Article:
Fishers of Men

Passing alongside the Sea of Galilee, he saw Simon and Andrew the brother of Simon casting a net into the sea, for they were fishermen. And Jesus said to them, “Follow me, and I will make you become fishers of men.” ~ Mark 1:16-17 (ESV)

As Jesus sat out on his ministry, he called different men to follow him for a new purpose in life. To Simon (Peter) and Andrew, as well as James and John, who worked as fishermen, Jesus called out to follow him and he would help them catch people.

In other words, if they devoted themselves to him, he would use them to bring people into God’s kingdom. This first call to these men anticipated Jesus’ last command in Mark’s gospel: “Go into all the world and proclaim the gospel to the whole creation” (Mark 16:15), or as Jesus stated in Matthew 28:19, “Go and make disciples of all the nations.”

Though the call to be “fishers of men” may have been a play on words with these men’s occupations, Jesus places the same call on the life of each of his followers. We are to seek to expand the kingdom. As disciples of Jesus, we are to make disciples who make disciples who make disciples.

Alvin Reid in Sharing Jesus Without Freaking Out says it this way: “Talk to the actual person in front of you about the Jesus inside of you; let them see and hear the change Jesus makes in you” (pg. 99). He then gives the example of a man named Alex:

Alex worked very closely with his colleagues. As much as he wanted them to know Jesus, he knew if he brought up the gospel all the time they would stop talking to him. He developed the practice of five: as he interacted with coworkers, about every fifth conversation he had with one of them he would talk about Jesus. For his context that seemed to be about right: not too preachy, and yet not negligent of speaking of Christ. Let’s face it, if you know someone really closely for years and never speak about Jesus, you are speaking about him: you are saying with your lack of words he is no big deal.

I shared Alex’s practice of five with a group of businessmen who immediately saw it as a very helpful way to think about sharing Jesus in the workplace. I don’t know what it is for you: five times, or three, or seven. I do know there is a balance between how you live the gospel and how often you speak it. (pg. 105)

When calling us to be “fishers of men,” Jesus won’t call all of us to be pastors or foreign missionaries (though he will certainly call some to that). Yet he will call all of us to use our relationships where we live, work, and play in order to share about him with others. As Reid points out, we don’t want to be overbearing and push people away, but we also cannot be consistently silent about our faith.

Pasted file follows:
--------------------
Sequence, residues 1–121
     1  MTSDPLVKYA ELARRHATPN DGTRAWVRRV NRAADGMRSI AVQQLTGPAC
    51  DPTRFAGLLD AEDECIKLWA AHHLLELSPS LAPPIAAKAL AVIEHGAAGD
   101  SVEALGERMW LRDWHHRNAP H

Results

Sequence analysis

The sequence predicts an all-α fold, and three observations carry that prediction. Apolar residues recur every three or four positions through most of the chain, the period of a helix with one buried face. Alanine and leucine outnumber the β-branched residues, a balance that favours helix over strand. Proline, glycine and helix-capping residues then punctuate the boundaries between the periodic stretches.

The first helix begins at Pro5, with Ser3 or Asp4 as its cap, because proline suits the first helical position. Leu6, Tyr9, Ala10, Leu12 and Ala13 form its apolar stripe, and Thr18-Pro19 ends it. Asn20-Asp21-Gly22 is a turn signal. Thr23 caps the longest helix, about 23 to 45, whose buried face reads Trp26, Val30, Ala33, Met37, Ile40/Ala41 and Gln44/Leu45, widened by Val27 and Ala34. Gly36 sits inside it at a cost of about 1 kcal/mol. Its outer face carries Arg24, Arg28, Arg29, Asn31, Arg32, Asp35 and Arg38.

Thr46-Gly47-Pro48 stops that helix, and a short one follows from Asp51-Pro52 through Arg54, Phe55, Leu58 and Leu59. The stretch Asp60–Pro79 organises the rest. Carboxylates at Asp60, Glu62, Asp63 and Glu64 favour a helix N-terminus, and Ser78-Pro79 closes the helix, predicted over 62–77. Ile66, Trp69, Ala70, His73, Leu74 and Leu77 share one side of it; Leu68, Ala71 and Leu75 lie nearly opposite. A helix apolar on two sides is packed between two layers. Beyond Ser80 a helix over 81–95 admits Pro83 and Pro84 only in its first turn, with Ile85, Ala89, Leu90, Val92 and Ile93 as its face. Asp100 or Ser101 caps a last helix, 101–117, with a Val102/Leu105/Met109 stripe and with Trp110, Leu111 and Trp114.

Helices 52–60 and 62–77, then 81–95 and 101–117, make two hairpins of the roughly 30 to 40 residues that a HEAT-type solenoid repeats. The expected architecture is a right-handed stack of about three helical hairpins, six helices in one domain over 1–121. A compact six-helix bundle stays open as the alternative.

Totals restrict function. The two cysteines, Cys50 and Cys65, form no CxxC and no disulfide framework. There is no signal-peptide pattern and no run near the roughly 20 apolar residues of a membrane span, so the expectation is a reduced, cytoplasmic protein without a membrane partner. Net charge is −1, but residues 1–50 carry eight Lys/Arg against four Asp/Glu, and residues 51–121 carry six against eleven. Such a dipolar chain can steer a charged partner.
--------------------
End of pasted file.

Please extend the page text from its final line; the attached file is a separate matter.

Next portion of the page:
If we love Jesus and love others, we will want them to know and love Jesus as well.

Another thing that Reid suggests is to pray this simple prayer each day: “God, give me today (1) an opportunity to speak with someone about Jesus; (2) the wisdom to see it; and (3) the courage to do it.” (17-18)

Will you seek to bring men and women into God’s kingdom?

New posts in this series will appear most Mondays, Tuesdays, Thursdays, and Fridays.

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Good News and the Kingdom

Now after John was arrested, Jesus came into Galilee, proclaiming the gospel of God, and saying, “The time is fulfilled, and the kingdom of God is at hand; repent and believe in the gospel.” ~ Mark 1:14-15

Jesus’ ministry centered on his preaching, but this wasn’t simply some feel-good, here’s five points to follow message. No, Jesus came to declare the good news.

Good news—that’s what this word “gospel” means. Throughout the New Testament this word is used with various descriptors. It is called the “gospel of God” (here and Romans 1:1), the “gospel of the kingdom” (Matthew 4:23, 24:14), the “gospel of grace” (Acts 20:24), the “gospel of Christ / Jesus Christ” (Mark 1:1, Romans 15:19), and the “gospel of peace” (Ephesians 6:15) among others. Most often, it is just simply “the gospel.”

Each of these descriptions point us to the same reality: We need the good news because there is bad news in the world. The bad news is our rebellion against God, decay and death, and eternal condemnation under God’s wrath, all from which we cannot rescue ourselves.